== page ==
This post is part of our Weekly Tips series.
Last week’s tip focused on what I’ve recently come to call “micro-moments,” and how you train yourself to respond in them. I included concrete suggestions for the most trustworthy responses in two scenarios. This week, I add two more.
We’ve already covered (1) how you reply to a client’s urgent request for help with a problem (refresh: you have to get out of problem-solving mode, at least for a bit), as well as (2) what to say when someone’s emotional reaction triggers you (ditto, and in this case masterful listening is key). Now, here are two more cases:
Caveats—spoken genuinely and without a “but” or “however” to follow—make it easier for the one who has to say something uncomfortable (you) to enter into the conversation in the first place. They’re little inertia-busters that also reveal our humility, vulnerability, and caring.
And when it comes to getting off on the right foot in a challenging micro-moment, there’s a lot to like about all of that.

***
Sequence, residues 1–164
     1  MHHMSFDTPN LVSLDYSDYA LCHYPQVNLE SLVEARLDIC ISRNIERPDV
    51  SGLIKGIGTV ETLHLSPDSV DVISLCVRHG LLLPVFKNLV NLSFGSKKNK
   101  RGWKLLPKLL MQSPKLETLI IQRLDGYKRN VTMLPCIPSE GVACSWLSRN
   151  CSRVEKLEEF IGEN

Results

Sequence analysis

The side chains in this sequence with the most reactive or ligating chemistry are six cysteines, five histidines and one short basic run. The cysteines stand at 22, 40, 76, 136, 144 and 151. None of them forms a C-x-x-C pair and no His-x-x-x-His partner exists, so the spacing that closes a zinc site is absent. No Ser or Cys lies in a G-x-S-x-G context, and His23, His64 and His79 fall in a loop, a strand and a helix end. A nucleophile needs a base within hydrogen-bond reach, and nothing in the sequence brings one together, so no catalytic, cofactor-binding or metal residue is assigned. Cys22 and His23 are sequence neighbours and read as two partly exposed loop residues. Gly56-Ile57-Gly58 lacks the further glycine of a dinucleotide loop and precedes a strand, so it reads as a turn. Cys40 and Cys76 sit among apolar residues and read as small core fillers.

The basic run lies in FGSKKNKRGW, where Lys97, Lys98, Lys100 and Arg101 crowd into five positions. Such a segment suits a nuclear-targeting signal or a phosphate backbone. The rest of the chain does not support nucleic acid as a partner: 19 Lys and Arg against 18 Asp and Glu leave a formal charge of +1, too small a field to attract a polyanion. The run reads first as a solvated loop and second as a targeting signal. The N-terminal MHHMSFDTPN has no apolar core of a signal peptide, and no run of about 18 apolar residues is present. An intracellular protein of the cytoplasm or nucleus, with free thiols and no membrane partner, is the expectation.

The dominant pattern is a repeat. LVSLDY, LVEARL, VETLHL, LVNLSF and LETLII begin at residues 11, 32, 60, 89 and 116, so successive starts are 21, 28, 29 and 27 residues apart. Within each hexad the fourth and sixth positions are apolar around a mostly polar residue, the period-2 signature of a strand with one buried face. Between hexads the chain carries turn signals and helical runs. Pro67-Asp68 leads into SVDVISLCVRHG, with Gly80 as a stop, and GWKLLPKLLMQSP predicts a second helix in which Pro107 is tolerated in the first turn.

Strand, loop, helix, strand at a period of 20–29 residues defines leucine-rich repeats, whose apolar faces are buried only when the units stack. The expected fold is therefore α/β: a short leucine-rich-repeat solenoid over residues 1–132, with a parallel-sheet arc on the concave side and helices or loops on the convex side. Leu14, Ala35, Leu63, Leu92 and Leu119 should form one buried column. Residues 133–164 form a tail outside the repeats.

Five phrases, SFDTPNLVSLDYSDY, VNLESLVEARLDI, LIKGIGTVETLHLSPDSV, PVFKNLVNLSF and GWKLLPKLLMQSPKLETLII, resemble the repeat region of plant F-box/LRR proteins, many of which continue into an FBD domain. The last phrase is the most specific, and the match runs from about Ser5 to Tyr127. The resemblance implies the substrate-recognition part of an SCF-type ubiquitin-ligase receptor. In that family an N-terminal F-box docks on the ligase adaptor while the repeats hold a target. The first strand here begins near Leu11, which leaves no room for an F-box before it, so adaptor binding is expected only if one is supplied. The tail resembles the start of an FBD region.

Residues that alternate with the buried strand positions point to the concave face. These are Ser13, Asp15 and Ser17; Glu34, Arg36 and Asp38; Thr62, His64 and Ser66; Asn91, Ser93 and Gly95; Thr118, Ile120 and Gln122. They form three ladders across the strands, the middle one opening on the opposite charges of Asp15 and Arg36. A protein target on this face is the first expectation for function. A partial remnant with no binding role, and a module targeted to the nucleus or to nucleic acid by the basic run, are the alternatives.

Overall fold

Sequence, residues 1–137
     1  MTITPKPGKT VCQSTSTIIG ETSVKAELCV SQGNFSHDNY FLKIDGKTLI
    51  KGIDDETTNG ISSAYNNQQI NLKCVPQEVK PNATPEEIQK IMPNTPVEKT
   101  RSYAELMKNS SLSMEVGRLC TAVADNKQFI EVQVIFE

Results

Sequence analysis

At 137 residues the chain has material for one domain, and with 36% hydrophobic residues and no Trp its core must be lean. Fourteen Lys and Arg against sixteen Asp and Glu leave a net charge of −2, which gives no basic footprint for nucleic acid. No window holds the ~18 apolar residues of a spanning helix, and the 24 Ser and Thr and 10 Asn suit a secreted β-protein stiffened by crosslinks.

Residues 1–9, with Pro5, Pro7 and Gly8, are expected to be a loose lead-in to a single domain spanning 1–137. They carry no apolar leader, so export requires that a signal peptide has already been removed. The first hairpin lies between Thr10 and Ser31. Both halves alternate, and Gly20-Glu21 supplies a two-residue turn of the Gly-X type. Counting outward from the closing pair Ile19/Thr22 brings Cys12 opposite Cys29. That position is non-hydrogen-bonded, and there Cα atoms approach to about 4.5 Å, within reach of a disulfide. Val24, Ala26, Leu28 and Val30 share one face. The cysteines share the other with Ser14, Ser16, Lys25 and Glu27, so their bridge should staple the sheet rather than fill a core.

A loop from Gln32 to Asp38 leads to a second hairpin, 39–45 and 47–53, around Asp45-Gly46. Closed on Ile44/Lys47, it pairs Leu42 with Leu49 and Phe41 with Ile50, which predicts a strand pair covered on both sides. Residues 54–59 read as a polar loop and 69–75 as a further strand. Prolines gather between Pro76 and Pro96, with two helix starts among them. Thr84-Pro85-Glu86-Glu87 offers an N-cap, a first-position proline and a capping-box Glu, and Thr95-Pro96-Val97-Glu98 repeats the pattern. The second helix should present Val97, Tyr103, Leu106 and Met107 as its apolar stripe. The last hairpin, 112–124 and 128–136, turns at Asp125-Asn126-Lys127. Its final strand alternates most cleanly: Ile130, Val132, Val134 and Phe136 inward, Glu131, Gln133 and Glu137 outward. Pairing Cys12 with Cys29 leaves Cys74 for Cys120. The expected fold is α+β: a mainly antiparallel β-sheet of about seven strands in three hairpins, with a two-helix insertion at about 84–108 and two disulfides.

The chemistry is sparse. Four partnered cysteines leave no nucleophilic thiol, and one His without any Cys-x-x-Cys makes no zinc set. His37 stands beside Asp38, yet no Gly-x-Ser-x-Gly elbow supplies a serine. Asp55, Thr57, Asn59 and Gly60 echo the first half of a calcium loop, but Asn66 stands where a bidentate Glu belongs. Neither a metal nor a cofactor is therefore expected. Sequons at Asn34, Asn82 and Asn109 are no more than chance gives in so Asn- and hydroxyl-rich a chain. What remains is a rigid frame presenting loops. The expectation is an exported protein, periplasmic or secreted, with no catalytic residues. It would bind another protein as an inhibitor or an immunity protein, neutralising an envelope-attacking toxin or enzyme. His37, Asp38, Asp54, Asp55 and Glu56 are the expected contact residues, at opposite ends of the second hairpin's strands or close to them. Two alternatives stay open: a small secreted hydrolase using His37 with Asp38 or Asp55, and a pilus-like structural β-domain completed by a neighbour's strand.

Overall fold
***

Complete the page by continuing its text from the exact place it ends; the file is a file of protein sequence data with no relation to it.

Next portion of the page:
Charlie has done some great work here too, by writing a game-changing article defining specific types of fear to attend to in our relationships (he referred to them as “sharks”). When we’re (irrationally) afraid we don’t know enough, or might not do something right, or may not get the outcome we want/need, or (my all-time favorite) may not be liked/respected in the ways we crave, we get triggered. Left un-managed, those triggers can cost us in terms of trust.
Of my four favorite best practices for dealing with the sharks of fear, my favorite for micro-moments is to speak your fear out loud. Imagine yourself saying things like, “I must confess to feeling a little intimidated by this conversation” or “I don’t know the answer to that.” It’s key to speak with the right balance of confidence and humility, of course. Too much bravado and the phrases sound false; too much modesty and we sound lame.
As I said last week, it’s vastly easier to set a more trustworthy tone and course when we get started on the right foot. That’s why those who aspire to be true trusted advisors cultivate good habits at this granular level.
This week, make time with a colleague to do more drill practice (sorry, not sorry) to get better at your own micro-moment responses.